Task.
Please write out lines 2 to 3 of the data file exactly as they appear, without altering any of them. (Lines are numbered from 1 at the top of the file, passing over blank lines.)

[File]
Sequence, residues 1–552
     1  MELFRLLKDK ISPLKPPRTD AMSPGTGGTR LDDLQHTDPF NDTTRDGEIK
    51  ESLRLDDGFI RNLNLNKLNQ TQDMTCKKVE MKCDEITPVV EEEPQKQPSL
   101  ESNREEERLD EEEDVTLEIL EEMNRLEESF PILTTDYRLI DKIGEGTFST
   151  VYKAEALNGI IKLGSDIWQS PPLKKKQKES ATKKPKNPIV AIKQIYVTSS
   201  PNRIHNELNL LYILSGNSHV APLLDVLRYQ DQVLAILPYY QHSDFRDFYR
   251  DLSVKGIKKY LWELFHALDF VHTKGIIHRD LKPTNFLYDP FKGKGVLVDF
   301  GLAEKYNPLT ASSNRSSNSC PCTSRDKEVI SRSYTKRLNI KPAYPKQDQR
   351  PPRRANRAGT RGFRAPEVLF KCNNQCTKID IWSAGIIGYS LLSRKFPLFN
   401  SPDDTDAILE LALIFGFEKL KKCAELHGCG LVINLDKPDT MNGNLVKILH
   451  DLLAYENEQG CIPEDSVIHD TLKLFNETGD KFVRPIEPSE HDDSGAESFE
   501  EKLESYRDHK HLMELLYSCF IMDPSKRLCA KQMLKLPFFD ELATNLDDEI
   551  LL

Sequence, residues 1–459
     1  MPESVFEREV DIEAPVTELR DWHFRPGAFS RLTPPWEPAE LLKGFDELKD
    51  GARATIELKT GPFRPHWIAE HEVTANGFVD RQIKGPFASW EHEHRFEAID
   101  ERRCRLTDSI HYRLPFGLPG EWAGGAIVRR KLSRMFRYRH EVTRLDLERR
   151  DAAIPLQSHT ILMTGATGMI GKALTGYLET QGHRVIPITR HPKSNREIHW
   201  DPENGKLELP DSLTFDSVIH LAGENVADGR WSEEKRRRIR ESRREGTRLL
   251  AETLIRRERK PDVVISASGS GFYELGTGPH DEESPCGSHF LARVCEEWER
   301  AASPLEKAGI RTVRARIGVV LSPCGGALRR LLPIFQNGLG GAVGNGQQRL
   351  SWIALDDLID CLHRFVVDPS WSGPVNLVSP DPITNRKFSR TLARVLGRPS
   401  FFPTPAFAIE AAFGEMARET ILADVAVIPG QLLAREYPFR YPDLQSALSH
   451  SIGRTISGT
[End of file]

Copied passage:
     1  MELFRLLKDK ISPLKPPRTD AMSPGTGGTR LDDLQHTDPF NDTTRDGEIK
    51  ESLRLDDGFI RNLNLNKLNQ TQDMTCKKVE MKCDEITPVV EEEPQKQPSL